Contributors to this edited collection use a psychoanalytic lens to examine the historical and political silencing of women as portrayed through Latin American art and literature.
Araceli Colín Cabrera is psychoanalyst and independent researcher.
Chapter 1: The Silencing of Women and the Silent Feminine in Literature About War
Araceli Colín Cabrera
Translated By Natalia Rivas Colín
Chapter 2: Nellie Campobello: Writing, Testimony, and Pedagogies Against Silence
Cathia Huerta Arellano
Translated By Maricruz Ocampo Guerrero
Chapter 3: Feminine Jouissance in Elena Garro’s Writing: Rescuing Silent, Fertile Difference
Flor de María Gamboa Solís
Translated By Mariana Sandoval Gamboa
Chapter 4: Autoviudas: Prejudiced Justice for The Ladies of Death
Nubia Carolina Rovelo Escoto And Francisco Javier de Santiago Herrero
Chapter 5: Feminine Voices as An Exploration of The Unfathomable
Alejandra Cantoral Pozo And Alfredo Emilio Huerta Arellano
Translated By Helen Harper
Chapter 6: Destinies of Silence, Silence of Destiny: “The Good Daughter” By Almudena Grandes
Mario Orozco Guzmán And Hada Soria Escalante
Chapter 7: Creative Silence in the Works of Frida Kahlo
Delphine Scotto di Vettimo
Translated By Victoria Grace
Chapter 8: Las Tinieblas y El Agua Para Chocolate: Two Narratives About Feminine Care of Old People. Something of Which There is Nothing Left and That Returns to Interrogate Us
Eurídice Sosa Peinado
Chapter 9: The Individual Rights Dimension Associated to Mental Health Care: An Essential Perspective in The Psychotherapeutic Treatment of Severely Abused Individuals
Viviana Pereda Ruiz
Translated By Flavia Livacic Rojas
Chapter 10: From Women´s Silence to the Speaking Subject
Martha Patricia E. Aguilar Medina
This enthralling book displays a polyphony of voices, analyzing through different perspectives the silence and the silencing of women in Latin America. The reader is not only intellectually but emotionally engaged with the historical context of this silence and its traumatic effects, as she is introduced to women writers, and artists, who addressed that unperceived issue in the aftermath of socio-political upheavals. From my perspective, The Silent Feminine has opened the field for an enlightening dialogue with its authors.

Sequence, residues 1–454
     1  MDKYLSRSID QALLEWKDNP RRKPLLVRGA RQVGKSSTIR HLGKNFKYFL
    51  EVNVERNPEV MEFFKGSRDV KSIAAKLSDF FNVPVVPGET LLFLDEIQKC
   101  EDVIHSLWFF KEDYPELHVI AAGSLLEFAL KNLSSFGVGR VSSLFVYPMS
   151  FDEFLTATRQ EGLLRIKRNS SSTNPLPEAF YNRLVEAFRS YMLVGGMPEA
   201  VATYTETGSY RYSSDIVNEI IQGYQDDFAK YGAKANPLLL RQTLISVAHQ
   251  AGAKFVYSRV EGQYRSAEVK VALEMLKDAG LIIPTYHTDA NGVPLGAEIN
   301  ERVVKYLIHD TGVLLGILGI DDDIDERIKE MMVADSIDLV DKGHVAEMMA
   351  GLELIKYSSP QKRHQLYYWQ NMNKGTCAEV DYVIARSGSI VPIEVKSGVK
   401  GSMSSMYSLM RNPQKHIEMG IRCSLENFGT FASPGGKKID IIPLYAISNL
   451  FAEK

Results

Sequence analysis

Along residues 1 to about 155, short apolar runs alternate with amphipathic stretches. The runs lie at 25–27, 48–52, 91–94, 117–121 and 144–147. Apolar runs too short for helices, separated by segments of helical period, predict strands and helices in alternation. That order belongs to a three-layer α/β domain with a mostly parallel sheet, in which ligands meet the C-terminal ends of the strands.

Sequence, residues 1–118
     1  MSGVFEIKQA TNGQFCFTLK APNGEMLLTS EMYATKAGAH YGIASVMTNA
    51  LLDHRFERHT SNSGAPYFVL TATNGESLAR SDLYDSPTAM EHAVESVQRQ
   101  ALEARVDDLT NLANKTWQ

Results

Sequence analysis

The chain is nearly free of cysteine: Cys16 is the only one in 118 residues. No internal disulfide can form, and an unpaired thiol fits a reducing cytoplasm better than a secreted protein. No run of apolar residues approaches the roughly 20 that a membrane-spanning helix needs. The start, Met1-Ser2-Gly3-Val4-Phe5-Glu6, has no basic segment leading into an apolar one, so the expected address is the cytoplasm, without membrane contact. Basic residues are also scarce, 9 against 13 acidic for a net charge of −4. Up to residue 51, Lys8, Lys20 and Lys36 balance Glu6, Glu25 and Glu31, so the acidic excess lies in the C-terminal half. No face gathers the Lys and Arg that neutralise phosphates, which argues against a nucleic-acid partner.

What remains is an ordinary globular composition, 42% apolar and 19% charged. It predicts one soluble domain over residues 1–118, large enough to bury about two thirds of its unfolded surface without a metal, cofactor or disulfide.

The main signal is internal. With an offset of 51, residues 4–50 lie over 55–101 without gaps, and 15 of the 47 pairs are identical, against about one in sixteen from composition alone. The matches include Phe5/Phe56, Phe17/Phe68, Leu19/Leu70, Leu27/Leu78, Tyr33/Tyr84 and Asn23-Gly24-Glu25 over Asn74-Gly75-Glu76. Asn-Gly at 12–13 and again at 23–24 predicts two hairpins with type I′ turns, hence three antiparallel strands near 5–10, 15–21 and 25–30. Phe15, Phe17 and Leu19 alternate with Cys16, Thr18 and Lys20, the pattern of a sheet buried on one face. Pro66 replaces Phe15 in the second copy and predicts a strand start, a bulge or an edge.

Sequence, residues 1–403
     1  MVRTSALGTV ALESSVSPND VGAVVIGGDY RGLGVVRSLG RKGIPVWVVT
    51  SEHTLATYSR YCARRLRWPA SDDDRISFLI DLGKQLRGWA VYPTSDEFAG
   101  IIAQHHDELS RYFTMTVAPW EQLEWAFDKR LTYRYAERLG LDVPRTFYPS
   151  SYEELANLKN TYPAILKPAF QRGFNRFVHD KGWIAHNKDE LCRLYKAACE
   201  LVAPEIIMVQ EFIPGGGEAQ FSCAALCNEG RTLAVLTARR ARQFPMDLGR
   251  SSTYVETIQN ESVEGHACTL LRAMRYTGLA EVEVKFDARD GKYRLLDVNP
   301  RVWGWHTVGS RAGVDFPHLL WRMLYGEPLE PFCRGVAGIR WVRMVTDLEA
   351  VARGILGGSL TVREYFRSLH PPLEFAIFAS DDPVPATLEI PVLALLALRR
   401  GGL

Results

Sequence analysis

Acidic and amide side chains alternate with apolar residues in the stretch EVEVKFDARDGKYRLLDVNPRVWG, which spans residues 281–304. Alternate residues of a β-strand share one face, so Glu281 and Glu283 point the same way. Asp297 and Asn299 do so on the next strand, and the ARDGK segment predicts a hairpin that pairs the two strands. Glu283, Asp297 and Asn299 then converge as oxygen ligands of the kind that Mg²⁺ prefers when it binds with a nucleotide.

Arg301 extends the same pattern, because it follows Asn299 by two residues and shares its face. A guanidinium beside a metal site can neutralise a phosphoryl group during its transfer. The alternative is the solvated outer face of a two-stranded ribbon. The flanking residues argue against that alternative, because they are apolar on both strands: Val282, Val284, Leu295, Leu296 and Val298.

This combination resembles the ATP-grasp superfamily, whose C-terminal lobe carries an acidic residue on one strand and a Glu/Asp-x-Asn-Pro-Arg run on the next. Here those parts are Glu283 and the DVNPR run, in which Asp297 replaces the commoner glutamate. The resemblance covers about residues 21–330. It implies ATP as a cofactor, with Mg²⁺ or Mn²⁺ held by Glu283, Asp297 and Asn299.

The fact that silence is what is heard between spoken or written words shows that, like the feminine, silence is an enigma. Black hole, unfathomable abyss, heteros par excellence, the feminine is inscribed beyond signifiers and beyond letters, which always eludes it. That this book sits in those unnamables and unfathomables attests the value writing has in our lives. When a pandemic ravages the planet and something non-human confronts all forces: scientific, political and economic, a book written by many hands brings us closer to thinking that perhaps, what "remains of Auschwitz" is poetry.
This book gives voice to 'femininity', both situating and exploring how this concept departs from ideologically-loaded representations of women and clarifying the role of cultural productions – from the visual and literary arts – in shaping and expressing the ‘unfathomable female’. A landmark book for Anglophone readers, showcasing key Latin American feminist and psychoanalytic scholarship.
This book is a sounding board that allows us to listen to the silent feminine. Suddenly the silence is broken and we know the ineffable, the inaudible and what is usually silenced or ignored. We listen to it thanks to the acute psychoanalytic sensitivity of the writers. This is an unprecedented and indispensable book for those interested in femininity, sexuality, psychoanalysis, and gender and women's studies.
The Silent Feminine explores the female subject and the meaning of silence in psychology, literature and art. Among other areas, this book makes a significant contribution to the field of Hispanic and the works of contemporary women writers. One remarkable aspect this work acknowledges is the silencing of women writers who, despite their innovation and quality, are relegated from a literary canon. This book reveals how the different avatars of silence may be examples of patriarchal violence against women